Josephine Foster, Spires That in the Sunset Rise, Arlt | Hideout | Folk & Country | Chicago Reader

Josephine Foster, Spires That in the Sunset Rise, Arlt Early Warnings (Music) Soundboard Recommended Critics' Picks

When: Sat., May 8, 9 p.m. 2010

Originally from Colorado, formerly a Chicagoan, and now living in Spain, Josephine Foster has changed direction restlessly in her music: she's adapted German lieder, devised a sort of self-styled Appalachian folk in the duo Born Heller, and played scorching psychedelia with the short-lived band the Supposed, among other things. One thing that's been consistent is her singing—both its disciplined precision and its peculiar melodic shapes—and in the past couple of years she seems to have figured out what she wants to do with her extraordinary vocal instrument. On her 2008 album This Coming Gladness (Bo' Weavil) she delivers rangy performances of original pieces that feel sketched more than written; her husband, Spanish guitarist Victor Herrero, plays coloristic, abstract figures instead of his usual flamenco licks, and Scottish drummer Alex Neilson (Trembling Bells) tweaks the pulse with free-jazz openness. Last year's Graphic as a Star (Fire), where Foster sets 26 poems by Emily Dickinson to her own gentle, idiosyncratic tunes, is even better. Accompanying herself with simple acoustic guitar, Dylan-esque harmonica, or nothing at all, she drifts easily between American and British folk styles, creating direct, lucid melodies that make Dickinson's highly compressed and profoundly inward-looking verses feel like they were meant to be sung. —Peter Margasak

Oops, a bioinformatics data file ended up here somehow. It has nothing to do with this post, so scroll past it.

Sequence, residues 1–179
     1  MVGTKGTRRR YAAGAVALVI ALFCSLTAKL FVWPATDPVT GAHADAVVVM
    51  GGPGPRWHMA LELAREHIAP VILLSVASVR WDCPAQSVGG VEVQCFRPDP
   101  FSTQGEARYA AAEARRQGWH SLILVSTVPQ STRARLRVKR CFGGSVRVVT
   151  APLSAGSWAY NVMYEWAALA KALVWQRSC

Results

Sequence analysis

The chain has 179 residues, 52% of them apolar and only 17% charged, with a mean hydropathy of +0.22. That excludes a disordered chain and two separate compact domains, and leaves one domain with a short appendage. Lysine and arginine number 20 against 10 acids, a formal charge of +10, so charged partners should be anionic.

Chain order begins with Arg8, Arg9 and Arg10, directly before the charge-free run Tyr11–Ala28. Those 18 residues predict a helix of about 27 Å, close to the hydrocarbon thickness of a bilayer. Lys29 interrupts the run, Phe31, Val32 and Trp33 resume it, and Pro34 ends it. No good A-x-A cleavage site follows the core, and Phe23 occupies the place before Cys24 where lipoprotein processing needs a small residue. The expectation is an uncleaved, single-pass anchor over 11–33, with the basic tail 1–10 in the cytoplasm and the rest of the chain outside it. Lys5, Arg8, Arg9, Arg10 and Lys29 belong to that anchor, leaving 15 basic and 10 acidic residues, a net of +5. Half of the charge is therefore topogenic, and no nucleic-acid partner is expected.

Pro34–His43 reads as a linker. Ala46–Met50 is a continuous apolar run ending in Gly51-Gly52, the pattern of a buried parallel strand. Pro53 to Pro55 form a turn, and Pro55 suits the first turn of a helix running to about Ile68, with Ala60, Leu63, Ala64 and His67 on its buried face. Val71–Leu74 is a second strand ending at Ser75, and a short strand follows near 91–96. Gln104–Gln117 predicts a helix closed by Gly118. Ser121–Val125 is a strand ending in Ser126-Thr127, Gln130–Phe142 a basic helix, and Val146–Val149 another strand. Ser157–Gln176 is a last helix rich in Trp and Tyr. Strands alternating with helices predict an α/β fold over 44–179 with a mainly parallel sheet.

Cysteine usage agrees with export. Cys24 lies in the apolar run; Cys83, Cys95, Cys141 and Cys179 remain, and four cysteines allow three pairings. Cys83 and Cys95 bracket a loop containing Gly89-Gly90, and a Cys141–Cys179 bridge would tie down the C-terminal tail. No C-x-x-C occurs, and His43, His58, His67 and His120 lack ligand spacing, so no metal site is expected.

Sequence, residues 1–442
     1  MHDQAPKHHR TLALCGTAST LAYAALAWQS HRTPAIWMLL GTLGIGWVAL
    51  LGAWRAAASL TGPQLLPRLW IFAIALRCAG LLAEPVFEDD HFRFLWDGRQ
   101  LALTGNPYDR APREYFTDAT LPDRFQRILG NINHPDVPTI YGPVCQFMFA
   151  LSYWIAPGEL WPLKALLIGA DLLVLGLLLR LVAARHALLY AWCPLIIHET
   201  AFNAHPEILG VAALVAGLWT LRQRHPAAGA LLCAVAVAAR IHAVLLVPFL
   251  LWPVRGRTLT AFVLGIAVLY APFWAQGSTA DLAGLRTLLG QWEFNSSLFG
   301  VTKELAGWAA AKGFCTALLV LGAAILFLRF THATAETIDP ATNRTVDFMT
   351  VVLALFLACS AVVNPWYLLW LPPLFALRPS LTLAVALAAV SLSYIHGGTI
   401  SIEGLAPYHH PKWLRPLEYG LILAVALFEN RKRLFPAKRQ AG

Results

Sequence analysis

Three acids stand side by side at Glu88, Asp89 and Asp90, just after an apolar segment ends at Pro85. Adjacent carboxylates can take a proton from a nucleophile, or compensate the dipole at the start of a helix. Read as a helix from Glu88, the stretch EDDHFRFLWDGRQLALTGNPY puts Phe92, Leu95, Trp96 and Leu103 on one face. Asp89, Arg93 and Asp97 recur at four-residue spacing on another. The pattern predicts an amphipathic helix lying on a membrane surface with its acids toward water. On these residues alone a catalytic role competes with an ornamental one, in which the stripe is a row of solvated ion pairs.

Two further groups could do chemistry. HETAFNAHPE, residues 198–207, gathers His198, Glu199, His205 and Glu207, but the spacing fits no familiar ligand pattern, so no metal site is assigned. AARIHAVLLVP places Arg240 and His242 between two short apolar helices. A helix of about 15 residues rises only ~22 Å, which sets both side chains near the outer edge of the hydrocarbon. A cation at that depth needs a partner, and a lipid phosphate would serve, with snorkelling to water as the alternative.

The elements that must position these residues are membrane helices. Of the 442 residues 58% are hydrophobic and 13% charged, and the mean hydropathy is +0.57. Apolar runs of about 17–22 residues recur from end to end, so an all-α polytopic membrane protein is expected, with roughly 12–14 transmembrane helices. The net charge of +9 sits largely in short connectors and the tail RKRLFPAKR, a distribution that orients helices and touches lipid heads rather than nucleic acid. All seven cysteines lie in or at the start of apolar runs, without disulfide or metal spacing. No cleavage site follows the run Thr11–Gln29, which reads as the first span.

Price: $10

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